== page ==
Project File: Design unifies campus

June 1, 2003
The Berkshire School, Sheffield, Mass.

Two new “English Manor”-style residence halls were completed last fall on the 500-acre campus of The Berkshire School, Sheffield, Mass., a co-ed preparatory academy for 385 students. Both $8 million, 19,000-square-foot buildings house 30 female students and three faculty families.

The new two-story buildings resolve key planning issues on the 95-year-old campus. By taking architectural cues from the older buildings of the north campus, the new structures help unify that area with the newer buildings in the south campus.

The exterior of the buildings are influenced by the proportions and design of the English Manor House, most notably with stucco facades and large chimneys profiled against the verdant backdrop. The buildings also create an attractive new vista for the Route 41 approach to the school, effectively redirecting The Berkshire School's front door.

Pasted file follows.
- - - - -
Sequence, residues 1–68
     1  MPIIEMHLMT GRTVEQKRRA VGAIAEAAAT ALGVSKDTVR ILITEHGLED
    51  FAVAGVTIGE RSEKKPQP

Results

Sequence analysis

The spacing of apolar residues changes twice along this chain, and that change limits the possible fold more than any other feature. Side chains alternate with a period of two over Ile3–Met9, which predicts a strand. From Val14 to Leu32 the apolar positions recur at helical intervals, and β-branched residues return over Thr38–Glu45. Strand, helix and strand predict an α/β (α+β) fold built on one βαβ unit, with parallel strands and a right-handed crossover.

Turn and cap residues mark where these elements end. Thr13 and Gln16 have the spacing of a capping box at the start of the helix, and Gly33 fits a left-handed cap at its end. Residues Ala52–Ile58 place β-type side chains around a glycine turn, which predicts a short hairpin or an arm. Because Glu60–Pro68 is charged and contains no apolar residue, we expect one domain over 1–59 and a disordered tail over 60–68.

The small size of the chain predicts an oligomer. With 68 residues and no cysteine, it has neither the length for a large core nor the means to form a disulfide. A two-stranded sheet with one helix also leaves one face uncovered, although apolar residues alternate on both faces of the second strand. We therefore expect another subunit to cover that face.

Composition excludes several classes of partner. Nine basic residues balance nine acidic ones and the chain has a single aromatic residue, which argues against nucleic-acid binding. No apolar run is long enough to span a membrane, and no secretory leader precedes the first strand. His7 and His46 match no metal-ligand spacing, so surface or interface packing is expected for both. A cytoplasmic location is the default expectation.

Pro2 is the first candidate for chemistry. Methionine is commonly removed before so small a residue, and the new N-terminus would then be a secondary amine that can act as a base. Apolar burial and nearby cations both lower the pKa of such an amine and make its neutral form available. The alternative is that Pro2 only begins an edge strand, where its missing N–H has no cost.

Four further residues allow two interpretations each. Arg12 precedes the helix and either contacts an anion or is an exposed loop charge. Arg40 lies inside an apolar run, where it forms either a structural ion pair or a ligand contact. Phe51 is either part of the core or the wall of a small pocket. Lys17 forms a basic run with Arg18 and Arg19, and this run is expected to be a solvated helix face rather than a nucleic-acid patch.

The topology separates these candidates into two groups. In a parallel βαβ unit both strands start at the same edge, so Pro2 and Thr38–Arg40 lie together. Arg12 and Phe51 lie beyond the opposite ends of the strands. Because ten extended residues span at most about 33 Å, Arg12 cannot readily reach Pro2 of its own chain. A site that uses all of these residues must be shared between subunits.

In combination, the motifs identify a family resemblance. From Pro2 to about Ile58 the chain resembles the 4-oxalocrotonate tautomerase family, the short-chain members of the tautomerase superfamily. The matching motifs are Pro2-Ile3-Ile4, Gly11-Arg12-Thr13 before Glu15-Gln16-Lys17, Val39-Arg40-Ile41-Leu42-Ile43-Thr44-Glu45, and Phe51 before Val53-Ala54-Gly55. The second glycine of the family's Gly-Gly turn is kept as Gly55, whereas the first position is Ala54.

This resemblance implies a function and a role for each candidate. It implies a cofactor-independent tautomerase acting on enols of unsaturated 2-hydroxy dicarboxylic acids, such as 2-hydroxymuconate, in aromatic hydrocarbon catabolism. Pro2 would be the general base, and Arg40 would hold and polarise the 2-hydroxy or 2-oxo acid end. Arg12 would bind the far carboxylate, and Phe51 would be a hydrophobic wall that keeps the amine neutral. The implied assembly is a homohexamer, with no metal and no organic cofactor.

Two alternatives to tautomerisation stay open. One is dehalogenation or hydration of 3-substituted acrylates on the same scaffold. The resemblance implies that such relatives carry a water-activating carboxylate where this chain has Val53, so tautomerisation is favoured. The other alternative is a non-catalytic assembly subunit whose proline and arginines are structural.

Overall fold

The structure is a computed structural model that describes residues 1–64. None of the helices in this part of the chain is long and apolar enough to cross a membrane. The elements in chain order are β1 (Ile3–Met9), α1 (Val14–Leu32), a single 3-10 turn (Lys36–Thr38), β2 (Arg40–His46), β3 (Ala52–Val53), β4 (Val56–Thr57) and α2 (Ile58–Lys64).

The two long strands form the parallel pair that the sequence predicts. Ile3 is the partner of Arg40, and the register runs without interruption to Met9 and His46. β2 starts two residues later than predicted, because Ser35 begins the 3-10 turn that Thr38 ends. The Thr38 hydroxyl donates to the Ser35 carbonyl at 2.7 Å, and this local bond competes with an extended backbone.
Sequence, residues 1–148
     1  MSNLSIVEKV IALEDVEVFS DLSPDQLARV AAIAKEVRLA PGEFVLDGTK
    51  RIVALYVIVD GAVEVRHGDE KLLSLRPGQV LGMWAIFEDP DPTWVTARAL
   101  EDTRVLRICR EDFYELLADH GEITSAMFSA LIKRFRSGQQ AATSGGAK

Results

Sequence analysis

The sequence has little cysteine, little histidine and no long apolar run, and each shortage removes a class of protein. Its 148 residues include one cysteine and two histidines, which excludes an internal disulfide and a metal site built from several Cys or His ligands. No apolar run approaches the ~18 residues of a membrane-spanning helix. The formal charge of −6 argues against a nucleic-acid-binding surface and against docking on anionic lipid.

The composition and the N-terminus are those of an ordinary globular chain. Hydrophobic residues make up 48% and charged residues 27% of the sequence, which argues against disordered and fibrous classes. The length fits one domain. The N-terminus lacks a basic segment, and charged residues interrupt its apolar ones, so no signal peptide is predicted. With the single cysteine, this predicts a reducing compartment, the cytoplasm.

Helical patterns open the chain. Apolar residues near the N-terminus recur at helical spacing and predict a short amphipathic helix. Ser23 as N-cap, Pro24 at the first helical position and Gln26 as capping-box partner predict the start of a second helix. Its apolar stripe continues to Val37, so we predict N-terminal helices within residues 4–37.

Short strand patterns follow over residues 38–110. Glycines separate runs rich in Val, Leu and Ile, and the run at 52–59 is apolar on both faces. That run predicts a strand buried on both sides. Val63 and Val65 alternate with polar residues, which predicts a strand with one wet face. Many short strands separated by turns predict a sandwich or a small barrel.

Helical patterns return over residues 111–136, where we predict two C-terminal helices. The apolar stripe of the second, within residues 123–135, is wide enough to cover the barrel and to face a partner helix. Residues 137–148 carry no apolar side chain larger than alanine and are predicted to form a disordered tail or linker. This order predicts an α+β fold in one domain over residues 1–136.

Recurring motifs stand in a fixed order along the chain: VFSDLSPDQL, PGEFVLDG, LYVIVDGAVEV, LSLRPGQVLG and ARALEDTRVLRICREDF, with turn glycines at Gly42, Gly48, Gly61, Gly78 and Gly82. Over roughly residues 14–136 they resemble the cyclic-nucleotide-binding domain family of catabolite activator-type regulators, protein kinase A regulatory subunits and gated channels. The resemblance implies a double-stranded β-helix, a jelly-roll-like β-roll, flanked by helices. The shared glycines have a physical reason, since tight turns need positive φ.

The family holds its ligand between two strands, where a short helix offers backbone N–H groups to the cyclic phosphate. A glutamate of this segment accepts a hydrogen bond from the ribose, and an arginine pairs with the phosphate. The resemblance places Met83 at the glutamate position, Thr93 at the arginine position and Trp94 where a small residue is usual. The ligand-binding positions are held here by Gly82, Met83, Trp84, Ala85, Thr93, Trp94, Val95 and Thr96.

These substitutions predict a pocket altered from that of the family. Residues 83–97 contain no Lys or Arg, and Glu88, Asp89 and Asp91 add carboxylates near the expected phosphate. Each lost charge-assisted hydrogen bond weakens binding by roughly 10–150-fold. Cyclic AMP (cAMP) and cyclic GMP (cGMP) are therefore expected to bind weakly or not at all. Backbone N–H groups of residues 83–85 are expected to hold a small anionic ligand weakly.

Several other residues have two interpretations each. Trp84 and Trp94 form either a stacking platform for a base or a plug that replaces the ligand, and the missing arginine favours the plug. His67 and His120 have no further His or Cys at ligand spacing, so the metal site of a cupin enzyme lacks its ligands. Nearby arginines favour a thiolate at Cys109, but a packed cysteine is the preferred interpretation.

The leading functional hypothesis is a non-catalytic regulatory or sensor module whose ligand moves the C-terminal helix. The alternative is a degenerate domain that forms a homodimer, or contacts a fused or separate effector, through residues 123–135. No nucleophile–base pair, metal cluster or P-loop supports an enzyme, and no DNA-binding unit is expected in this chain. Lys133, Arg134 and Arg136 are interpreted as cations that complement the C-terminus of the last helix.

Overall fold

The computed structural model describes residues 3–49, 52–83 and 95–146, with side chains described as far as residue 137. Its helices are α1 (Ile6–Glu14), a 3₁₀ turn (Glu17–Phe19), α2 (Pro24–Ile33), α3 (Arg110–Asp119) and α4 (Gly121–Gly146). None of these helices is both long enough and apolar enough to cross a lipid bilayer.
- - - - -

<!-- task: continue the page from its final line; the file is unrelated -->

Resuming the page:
Each of the new halls is designed as three houses that interconnect in the shape of a T. Their forms echo the gable-roofed structures popular in the area for centuries. Inside, double-height common spaces with stone fireplaces provide gathering areas in each wing, as well as at the nexus of each T, where students enter the building.

The single- and double-occupancy student rooms are laid out to allow students to create their own living arrangements, with a private bedroom or a shared bedroom and living room. Individuality is fostered through varying floor plan orientations, floor elevations and interior finishes and colors. Each wing includes a private three-bedroom duplex family apartment for a faculty adviser.

Architect is Fox & Fowle Architects (New York City).

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